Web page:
“Family-owned pharmacy is hiring Cashiers in Los Angeles, CA.
Pharmacy offers a full range of benefits including medical, dental, vision, 401(k), paid time off.
Cashier daily tasks include: operating a cash register, collecting customer payments, bagging merchandise and maintaining the checkout area.
Experience is not required for this Cashier position.
Get started with your Cashier application today!”
3. Personalize your objective for the job you want.
A resume objective is also your opportunity to share your interests and professional passions. Your resume will summarize your skills, education and experience, but this section is your only chance to write about why you’re applying to this job and let your personality shine through. You can talk about relevant hobbies, why you grew interested in that hobby, and how you can apply those learned skills to the open job.
4. Add quantifiable contributions.
Focus on how you can help the company. You can best do this by defining how successful your related experience was. For example, suppose you’re interested in a job related to data analysis. In that case, you can detail well-graded projects from your introduction to data or advanced data analytics courses and your process for inspecting, cleaning and modeling the data.
5. Include job-related certifications.
Regardless of your reason for writing a resume objective statement, you probably have plenty of related experience that can benefit both you and a hiring manager. You must highlight those skills in this section, as you don’t want to make the hiring manager dig for it in your resume and risk missing it. Here are some job-related certifications that you can feature in this section.
- Specialized degrees
- Relevant coursework
6. Express your ties with the company.
Your connection to a company or genuine interest in a company’s ethical, cultural or financial goals can be equally important to landing a job interview as your skills and experience. If you’re interested in contributing to the growth or success of a company based on these reasons, you should mention it in your resume objective. Hiring managers can detect genuine interest and passion, which can be good for you if the company in question truly believes in its mission.
You can find examples like the ones in this guide on our Resume Builder. All you need to do is type in your desired job title and fill in some personal data regarding your years of experience, and our builder will automatically come up with a personalized resume objective. Always make sure to go in and personalize it even more with exact skills, degrees, experience and qualifications. For more resume resources check out these free resume templates..
Resume Objective Examples by Job Type
Browse the following resume examples categorized by job title to see real-life examples of job-specific career objectives. By using our Resume Builder, you can get personalized suggestions for your career objective, as well as for the rest of your resume sections.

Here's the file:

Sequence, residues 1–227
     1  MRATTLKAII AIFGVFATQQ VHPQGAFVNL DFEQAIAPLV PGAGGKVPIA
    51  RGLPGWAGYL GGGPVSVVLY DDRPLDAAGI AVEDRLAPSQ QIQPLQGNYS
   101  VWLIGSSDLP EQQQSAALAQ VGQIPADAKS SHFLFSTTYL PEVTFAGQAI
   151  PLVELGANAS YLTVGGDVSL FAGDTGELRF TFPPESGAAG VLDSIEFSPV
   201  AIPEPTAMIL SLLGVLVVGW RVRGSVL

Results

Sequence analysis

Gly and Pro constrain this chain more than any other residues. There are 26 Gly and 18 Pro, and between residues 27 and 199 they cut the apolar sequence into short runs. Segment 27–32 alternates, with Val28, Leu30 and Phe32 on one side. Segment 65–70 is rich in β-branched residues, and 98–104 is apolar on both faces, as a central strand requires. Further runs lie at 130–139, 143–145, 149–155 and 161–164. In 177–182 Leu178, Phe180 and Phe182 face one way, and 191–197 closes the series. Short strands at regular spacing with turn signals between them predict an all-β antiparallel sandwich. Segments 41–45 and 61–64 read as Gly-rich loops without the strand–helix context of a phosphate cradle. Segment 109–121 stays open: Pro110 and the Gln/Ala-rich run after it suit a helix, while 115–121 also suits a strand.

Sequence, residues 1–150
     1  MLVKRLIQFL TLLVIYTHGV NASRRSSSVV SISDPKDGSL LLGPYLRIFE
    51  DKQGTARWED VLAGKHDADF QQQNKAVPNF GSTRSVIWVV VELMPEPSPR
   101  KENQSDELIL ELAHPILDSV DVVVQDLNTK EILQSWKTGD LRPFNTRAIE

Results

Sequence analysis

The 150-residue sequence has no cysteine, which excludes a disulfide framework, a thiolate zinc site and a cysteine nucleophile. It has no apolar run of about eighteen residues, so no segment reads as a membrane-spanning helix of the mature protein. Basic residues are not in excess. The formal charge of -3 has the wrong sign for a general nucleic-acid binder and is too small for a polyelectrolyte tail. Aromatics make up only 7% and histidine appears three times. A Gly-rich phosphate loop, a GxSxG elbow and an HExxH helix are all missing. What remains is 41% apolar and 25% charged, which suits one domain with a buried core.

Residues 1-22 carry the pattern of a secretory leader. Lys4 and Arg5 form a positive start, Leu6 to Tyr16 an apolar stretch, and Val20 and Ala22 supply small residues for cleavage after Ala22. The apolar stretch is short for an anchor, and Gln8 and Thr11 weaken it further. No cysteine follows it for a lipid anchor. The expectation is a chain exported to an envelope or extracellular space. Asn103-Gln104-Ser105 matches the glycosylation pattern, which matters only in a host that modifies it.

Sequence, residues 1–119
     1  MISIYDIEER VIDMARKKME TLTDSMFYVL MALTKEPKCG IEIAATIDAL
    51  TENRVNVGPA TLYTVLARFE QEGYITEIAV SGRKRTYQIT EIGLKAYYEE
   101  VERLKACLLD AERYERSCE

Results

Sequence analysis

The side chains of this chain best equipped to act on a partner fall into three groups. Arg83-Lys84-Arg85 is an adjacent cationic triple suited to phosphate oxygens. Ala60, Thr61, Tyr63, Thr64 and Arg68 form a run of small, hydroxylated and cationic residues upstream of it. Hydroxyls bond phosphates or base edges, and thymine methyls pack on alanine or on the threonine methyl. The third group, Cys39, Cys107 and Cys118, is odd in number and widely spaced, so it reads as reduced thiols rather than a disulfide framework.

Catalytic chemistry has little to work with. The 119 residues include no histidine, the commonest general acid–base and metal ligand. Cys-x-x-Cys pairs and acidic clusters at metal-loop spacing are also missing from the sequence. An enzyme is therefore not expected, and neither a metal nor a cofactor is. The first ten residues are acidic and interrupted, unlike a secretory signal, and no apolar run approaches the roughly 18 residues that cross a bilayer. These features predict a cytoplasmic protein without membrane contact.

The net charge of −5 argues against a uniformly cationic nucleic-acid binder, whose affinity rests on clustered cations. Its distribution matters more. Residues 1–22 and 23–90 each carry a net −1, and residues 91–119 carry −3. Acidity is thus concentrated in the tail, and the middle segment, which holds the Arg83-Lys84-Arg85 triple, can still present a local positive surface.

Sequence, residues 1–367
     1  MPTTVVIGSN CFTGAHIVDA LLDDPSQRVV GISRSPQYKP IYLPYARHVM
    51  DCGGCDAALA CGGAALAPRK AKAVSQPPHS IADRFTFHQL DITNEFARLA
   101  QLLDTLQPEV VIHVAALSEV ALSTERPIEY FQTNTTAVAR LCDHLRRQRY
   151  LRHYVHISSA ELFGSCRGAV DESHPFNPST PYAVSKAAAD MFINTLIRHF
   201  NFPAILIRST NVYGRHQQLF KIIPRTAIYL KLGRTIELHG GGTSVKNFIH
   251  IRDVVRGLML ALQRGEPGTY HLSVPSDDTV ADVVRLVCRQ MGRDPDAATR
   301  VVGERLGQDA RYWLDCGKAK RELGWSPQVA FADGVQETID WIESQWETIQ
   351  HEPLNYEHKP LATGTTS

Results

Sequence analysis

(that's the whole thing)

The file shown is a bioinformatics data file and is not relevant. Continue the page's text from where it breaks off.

Customer Service Representative
How long should the resume objective be?
Your resume objective must be informative but brief. Ideally, this is a two- to three-sentence statement outlining your professional goals, experience and relevant skills. We know it’s tempting to flesh out this section and include additional details, but your resume objective is just one section of your resume. Keep it brief.
What are common mistakes when writing a resume objective?
Here are a few common mistakes that you can make while writing your resume’s objective statement.
- Focusing too much on yourself: The original intent of a resume objective was to indicate your needs, expectations and requirements from the job. However, it evolved with modern resume-writing practices and now looks at your potential employment partnership with the hiring manager and company. Your resume objective should focus on what both you and the company can gain from hiring you.
- Using weak action verbs: Take a proactive approach and avoid the passive voice or weak action verbs. You didn’t “help organize sporadic sales events,” you “organized monthly sales events that increased profit margins by 17%.” You need to be honest on your resume, but it’s OK to hype your skills and assert your value.
- Using a resume objective instead of a summary statement:We mentioned that a resume objective is best for entry-level workers, recent grads, career changers and reentries to the workforce. If you’re not one of these job seekers, you’re much better off using a summary statement that lets you highlight your career success. Learn how to tackle that resume tool in our resume-writing guide. resume-writing guide.
Does a resume need an objective?
Whether or not you decide if a resume objective suits your current job-seeking needs, your resume needs a statement near the top of the page. This brief paragraph is your opportunity to add personality to this document. Think of it as a written elevator pitch — your resume objective or summary statement introduces your character, while your work experience and skills sections outline your accomplishments.
What can I put on my resume instead of an objective?
We’ve mentioned the resume objective’s modern sibling, the summary statement, before. If you’re not a fresh graduate, a new worker, changing careers or reentering the workplace, we strongly recommend that you write a summary statement on your resume. Unlike the objective statement, which answers how both you and the hiring manager benefit from employing you, a summary statement does the following:
- Explains how you fit the exact needs of the open position.
- Relates experience, skills and professional achievements to the open position.
- Associates your past accomplishments to the future success of the company.
We cover how to write an appealing and convincing summary statement in our resume-writing guide.
Rate our Templates